Was WorkChoices good for union membership?

As the ABS reported yesterday, trade union membership experienced a rare increase in absolute numbers in 2008, up by more than 3%. While growth in public sector numbers, as The Age notes, explains a good proportion of this, many industries which have low public sector involvement also enjoyed strong increases (though union membership continued to decline in many industries as well).

Though WorkChoices made it harder for unions to access workplaces to recruit, the overall policy framework of WorkChoices should have been a positive for unions. As Michael Warby has long argued (most recently in the Autumn 2009 issue of Policy; available in newsagents) government setting of wages and conditions is bad for unions, because it delivers improvements to workers without them having to employ unions to bargain on their behalf. A policy that reduces the power of tribunals and increases the rights of employers should therefore be good for unions, because it gives workers a reason to employ them to negotiate better wages and conditions.

Labor’s partial resurrection of a regulation-based approach to industrial relations should therefore be a net negative for union membership, even though the system overall is good for union officials in giving them more rights and powers than they had under WorkChoices.

Whether this will translate into a reversal in union membership next year is hard to say. There are at least two factors working in favour of union membership increasing, in improved access by unions to workplace and a business cycle shift in power away from employees towards employers. For employees, this makes union membership a more attractive investment. On the other hand, the sheer scale of job loss will make an absolute increase in union membership unlikely, even if the % of workers who are union members increases.

One thought on “Was WorkChoices good for union membership?

  1. Interesting thoughts, Andrew.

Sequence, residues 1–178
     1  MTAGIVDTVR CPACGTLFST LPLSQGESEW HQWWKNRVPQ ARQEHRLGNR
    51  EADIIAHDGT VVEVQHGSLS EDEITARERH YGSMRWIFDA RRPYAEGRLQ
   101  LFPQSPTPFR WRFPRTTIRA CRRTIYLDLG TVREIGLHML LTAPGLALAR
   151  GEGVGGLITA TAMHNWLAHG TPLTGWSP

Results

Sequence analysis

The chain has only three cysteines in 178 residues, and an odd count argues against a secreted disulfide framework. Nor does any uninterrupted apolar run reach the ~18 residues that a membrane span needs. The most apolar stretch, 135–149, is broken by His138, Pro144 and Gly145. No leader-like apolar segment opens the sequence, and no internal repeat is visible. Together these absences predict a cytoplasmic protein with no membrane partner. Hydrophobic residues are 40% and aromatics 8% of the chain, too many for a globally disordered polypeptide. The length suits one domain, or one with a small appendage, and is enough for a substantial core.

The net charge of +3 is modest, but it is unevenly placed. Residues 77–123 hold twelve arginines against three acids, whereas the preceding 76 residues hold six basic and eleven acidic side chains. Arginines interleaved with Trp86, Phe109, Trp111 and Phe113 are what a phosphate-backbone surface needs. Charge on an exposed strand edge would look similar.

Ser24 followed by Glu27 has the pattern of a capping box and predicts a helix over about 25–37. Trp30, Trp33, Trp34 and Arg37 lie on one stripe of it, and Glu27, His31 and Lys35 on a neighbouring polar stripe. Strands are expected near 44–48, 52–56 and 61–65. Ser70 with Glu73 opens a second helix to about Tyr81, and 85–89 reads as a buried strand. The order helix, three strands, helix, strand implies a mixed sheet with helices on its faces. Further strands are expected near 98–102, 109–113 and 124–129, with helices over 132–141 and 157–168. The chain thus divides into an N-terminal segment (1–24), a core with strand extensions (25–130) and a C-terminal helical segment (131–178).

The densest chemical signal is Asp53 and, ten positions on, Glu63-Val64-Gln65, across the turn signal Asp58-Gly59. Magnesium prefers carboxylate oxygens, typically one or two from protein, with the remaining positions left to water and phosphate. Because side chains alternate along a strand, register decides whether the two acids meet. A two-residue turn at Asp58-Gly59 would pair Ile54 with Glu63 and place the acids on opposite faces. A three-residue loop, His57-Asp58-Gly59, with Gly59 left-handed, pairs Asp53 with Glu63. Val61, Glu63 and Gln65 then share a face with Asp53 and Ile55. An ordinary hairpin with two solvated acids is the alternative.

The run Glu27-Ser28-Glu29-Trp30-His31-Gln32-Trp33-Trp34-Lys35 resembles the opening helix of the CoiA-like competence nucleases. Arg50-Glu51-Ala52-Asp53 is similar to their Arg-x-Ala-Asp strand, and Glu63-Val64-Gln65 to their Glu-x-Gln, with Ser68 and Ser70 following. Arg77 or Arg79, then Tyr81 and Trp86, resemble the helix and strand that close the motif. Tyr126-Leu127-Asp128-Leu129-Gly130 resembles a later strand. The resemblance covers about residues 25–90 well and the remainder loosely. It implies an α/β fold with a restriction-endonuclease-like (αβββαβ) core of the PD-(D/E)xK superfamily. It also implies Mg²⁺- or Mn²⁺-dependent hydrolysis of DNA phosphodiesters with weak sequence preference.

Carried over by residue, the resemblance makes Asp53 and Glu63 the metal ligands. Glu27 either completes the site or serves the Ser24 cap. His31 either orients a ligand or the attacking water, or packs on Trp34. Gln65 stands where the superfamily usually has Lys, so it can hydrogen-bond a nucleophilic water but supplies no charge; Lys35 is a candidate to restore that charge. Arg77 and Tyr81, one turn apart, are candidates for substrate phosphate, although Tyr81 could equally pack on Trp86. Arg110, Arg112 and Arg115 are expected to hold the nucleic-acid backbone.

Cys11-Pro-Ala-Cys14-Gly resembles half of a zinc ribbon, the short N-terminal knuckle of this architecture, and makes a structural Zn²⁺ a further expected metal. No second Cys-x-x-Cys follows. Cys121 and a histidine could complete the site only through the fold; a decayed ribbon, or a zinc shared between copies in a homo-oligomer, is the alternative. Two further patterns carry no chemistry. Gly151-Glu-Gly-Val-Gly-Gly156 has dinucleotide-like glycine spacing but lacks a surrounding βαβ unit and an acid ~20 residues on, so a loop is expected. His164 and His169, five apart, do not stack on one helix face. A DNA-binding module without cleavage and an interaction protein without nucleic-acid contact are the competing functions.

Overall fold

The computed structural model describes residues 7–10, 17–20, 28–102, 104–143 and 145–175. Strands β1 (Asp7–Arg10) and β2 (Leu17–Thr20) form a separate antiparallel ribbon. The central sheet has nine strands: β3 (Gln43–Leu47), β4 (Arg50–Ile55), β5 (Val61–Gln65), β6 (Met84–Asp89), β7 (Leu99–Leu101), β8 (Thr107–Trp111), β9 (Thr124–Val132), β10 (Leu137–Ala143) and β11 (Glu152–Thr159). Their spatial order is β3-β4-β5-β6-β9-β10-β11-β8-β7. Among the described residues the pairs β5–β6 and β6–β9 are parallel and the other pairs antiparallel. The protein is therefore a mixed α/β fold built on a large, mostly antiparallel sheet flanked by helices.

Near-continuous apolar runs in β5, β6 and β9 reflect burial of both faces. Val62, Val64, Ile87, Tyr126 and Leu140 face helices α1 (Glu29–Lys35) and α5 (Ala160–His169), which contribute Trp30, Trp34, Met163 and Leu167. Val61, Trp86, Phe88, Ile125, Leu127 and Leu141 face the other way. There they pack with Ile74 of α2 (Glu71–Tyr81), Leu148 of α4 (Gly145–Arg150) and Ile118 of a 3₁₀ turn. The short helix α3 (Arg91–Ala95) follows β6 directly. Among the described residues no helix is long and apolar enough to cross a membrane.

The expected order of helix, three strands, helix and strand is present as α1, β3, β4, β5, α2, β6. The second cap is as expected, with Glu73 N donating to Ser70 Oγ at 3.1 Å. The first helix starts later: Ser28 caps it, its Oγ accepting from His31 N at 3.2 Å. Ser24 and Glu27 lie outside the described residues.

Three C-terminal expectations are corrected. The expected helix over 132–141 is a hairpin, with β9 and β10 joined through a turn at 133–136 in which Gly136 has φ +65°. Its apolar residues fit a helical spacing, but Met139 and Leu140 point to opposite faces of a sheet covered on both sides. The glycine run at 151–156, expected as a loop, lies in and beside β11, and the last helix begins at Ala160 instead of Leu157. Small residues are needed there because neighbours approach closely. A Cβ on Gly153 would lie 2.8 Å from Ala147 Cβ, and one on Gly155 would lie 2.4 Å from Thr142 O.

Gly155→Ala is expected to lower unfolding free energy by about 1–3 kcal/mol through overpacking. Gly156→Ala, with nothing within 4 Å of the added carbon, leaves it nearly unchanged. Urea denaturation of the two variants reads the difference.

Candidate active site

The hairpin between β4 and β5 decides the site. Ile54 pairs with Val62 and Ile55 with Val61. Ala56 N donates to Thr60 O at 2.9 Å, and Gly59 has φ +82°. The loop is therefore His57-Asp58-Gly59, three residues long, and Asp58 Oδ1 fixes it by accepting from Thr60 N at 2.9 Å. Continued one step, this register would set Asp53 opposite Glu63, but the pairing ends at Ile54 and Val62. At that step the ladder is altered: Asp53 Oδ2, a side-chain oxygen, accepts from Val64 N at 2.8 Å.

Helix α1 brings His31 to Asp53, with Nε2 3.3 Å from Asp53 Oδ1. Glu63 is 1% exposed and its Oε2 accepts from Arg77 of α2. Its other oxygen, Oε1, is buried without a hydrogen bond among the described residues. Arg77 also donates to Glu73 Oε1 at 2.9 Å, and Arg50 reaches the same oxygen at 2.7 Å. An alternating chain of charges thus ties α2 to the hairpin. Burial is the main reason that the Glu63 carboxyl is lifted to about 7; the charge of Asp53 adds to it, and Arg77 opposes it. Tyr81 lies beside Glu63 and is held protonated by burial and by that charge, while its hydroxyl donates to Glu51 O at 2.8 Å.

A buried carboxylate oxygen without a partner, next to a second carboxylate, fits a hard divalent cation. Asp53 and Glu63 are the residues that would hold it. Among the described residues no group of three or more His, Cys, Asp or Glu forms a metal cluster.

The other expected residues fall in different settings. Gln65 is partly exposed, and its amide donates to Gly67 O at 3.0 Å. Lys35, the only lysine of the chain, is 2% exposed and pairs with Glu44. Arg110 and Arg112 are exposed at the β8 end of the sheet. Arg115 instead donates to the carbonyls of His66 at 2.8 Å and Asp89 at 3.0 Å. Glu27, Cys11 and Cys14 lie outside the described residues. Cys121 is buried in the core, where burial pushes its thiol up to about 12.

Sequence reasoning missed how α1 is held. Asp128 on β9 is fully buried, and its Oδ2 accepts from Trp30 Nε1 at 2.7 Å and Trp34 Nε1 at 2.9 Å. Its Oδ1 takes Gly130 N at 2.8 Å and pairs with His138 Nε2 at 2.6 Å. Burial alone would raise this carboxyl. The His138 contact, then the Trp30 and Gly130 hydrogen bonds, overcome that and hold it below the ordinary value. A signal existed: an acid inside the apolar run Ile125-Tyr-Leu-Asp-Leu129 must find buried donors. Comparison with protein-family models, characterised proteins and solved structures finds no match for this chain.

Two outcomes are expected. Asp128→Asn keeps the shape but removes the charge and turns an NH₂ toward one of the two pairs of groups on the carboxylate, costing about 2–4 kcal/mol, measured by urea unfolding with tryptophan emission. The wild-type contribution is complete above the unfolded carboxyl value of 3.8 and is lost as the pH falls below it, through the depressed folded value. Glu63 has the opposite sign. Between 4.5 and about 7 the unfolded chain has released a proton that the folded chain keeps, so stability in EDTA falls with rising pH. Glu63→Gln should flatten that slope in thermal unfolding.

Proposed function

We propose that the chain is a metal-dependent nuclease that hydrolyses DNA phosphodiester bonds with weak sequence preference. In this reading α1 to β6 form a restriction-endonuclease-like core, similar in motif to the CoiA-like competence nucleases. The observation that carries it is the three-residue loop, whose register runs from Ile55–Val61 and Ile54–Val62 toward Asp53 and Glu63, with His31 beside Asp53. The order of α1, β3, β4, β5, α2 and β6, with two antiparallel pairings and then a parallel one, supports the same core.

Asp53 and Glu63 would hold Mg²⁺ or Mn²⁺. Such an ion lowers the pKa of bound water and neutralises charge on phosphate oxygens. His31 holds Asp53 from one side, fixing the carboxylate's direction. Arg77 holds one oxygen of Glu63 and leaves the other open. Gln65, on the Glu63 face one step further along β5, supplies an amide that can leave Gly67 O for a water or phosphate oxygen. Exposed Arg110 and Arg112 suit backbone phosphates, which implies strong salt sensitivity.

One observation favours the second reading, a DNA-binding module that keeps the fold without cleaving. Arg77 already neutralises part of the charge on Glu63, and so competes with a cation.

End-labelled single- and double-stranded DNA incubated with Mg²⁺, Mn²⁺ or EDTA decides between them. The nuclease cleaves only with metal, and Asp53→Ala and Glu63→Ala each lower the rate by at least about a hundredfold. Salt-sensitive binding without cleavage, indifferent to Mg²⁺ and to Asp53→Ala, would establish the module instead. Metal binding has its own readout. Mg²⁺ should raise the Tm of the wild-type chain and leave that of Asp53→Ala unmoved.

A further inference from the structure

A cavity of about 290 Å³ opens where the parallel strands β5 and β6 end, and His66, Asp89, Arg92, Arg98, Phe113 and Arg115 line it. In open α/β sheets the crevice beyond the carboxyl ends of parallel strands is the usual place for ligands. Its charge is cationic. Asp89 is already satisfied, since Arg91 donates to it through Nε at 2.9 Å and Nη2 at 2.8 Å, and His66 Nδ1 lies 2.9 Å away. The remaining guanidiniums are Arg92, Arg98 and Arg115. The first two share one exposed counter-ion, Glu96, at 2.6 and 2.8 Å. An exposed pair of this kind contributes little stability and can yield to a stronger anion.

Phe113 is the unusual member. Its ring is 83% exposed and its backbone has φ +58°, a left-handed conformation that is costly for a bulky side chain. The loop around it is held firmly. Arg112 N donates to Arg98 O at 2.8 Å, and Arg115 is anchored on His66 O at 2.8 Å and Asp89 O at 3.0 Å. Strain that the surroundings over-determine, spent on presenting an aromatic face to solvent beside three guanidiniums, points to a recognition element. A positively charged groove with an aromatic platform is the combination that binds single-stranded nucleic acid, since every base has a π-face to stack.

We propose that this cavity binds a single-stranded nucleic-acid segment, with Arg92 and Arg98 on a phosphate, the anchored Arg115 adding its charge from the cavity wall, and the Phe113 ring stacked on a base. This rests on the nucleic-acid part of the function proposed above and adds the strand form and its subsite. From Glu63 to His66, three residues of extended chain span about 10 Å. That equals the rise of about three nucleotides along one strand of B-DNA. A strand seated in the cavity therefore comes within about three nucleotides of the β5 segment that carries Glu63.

I believe that one day we will regret the death of the trade unions – and I am pretty sure they are close to death.
    Their decline is their own fault. For many years in many industries union membership was just about compulsory. When that ceased to be, unions did not know how to earn membership. They did not have a service that people were willing voluntarily to pay money for.
    It was very much like the way businesses used to being cossetted in a regulated industry find it difficult to survive when they lose protection.
    They do not know how to get and keep customers. (So many spend much of their energy trying to hold onto the monopoloy power they have, rather than learning how to do business under the news rules.)
    I have heard union officials talk to members the way no company manager would: “When I tell you to get out on the effing grass, you’ll get out on the grass or you will never work in this effing industry again”.
    (“on the grass” meant walking off the job.)
    Teated like that, I can’t imagine many would voluntarily stay in a union.
    But, somehow, it seems a pity that unions have destroyed themselves in this way. Collective bargaining was part of the fabric of industry for a long time and I am not sure that we will be better without it.
    One day, I must expand these thoughts into an article…


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